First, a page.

"Tonight's the Night didn't come out right after it was recorded because it wasn't finished. It just wasn't in the right space, it wasn't in the right order, the concept wasn't right. I had to get the colour right, so it was not so down that it would make people restless. I had to keep jolting every once in a while to get people to wake up so they could be lulled again. It's a very fluid album. The higher you are, the better it is. And it really lives up to that, a lot of records don't … you should listen to it late at night...Those mixes were a little unorthodox. Like it's real music. Sometimes I'd be on mic and sometimes I'd be two feet off it. Sometimes I'd be lookin' around the room and singin' back off mic…we'd have to bring it way back up in the mix to get it. And you can hear the echo in the room. We were all on stage at SIR just playing, with the PA system and everything, just like a live thing.
"I got tired of … I think what was in my mind when I made that record was I just didn't feel like a lonely figure with a guitar or whatever it is that people see me as sometimes. I didn't feel that laid back – I just didn't feel that way. So I thought I'd just forget about all that … wipe it out. Be as aggressive and as abrasive as I could to leave an effect, a long-term effect, that things change radically sometimes, it's good to point that out ... At SIR, when we were playing, and these two cats [Berry and Whitten] who had been a close part of our unit, our force, our energy, were both gone to junk, both of them OD'd. And now we're playing in a place where we're getting together to make up for what is gone and try to make ourselves stronger and continue. Because we thought we had it with Danny Whitten. At least I did. I thought that a combination of people that could be as effective as groups like the Rolling Stones had been … just for rhythm, which I'm really into. I haven't had that rhythm for a while and that's why I haven't been playing my guitar: because without that behind me I won't play. I mean, you can't get free enough. So I've had to play the rhythm myself ever since Danny died. Now I have someone who can play rhythm guitar, a good friend of mine...Nils is a lead player, basically. And when I use Nils – like on Tonight's the Night I used him for piano, and I played piano on a couple of songs and he played guitar. In the songs where he plays guitar he's actually playing the way Bruce Berry played guitar. The thing is I'm talking about him and you can hear him. So Nils just fits in – he plays that hot rock'n'roll-style guitar...It's just that there was a lot of spirit flyin' around when we were doin' it. It was like a tribute to those people, you know? Only the ones we chose no one had really heard of that much, but they meant a lot to us. That's why it gets spooky. 'Cause we were spooked. If you felt that I'm glad because it was there...The first horror record, a horror record …"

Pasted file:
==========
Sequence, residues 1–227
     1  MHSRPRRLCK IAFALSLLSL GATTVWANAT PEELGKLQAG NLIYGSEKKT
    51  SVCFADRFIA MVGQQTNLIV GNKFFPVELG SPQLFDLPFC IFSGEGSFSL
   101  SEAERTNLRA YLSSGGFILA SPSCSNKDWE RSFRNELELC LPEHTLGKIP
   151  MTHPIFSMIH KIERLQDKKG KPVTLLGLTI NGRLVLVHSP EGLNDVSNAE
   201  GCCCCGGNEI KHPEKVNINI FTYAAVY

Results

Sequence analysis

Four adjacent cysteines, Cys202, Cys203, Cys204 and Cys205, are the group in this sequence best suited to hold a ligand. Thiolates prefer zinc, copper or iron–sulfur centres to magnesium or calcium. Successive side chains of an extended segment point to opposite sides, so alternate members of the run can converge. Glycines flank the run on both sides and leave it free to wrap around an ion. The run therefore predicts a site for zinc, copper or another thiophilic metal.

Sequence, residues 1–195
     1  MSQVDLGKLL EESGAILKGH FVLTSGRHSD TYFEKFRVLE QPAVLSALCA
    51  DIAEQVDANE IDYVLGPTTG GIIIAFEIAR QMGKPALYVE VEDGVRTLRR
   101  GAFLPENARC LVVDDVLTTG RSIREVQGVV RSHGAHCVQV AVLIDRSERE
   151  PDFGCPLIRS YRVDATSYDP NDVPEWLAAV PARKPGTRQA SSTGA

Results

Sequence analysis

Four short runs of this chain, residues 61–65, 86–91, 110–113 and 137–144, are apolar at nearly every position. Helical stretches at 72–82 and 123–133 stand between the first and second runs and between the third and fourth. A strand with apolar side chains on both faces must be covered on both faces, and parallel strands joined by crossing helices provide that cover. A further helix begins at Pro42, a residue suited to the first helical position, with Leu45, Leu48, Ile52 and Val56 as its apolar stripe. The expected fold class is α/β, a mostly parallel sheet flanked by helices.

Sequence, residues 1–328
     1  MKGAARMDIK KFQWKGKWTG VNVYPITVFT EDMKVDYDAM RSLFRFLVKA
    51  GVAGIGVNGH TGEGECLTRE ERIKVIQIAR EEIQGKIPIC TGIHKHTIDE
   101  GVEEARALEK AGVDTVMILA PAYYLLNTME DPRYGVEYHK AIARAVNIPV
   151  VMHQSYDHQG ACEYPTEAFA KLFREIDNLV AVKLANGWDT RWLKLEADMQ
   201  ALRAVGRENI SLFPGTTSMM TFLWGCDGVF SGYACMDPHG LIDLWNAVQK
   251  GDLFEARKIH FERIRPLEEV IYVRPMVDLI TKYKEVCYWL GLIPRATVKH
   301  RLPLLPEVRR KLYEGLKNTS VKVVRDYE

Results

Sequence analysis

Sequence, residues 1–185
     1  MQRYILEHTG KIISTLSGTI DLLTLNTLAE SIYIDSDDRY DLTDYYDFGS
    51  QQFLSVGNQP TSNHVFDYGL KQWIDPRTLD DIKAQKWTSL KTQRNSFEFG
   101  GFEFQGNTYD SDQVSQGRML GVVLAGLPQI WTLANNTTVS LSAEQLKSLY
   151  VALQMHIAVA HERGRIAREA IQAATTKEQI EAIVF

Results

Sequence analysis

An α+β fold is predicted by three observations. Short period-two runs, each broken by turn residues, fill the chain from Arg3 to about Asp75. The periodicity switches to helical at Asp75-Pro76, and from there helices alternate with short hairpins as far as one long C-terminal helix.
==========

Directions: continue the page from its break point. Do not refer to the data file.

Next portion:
'Tonight's The Night'
All songs written by Neil Young except where noted.
1. "Tonight's the Night" (with the Santa Monica Flyers) 4:39
2. "Speakin' Out" (with the Santa Monica Flyers) 4:56
3. "World on a String" (with the Santa Monica Flyers) 2:27
4. "Borrowed Tune" (Mick Jagger, Keith Richards, Neil Young) 3:26
5. "Come on Baby Let's Go Downtown" (live from the 1970 tour with Crazy Horse) Neil Young, Danny Whitten 3:35
6. "Mellow My Mind" (with the Santa Monica Flyers) 3:07
1. "Roll Another Number" (with the Santa Monica Flyers) 3:02
2. "Albuquerque" (with the Santa Monica Flyers) 4:02
3. "New Mama" 2:11
4. "Lookout Joe" (with The Stray Gators) 3:57
5. "Tired Eyes" (with the Santa Monica Flyers) 4:38
6. "Tonight's the Night" (with the Santa Monica Flyers) 4:52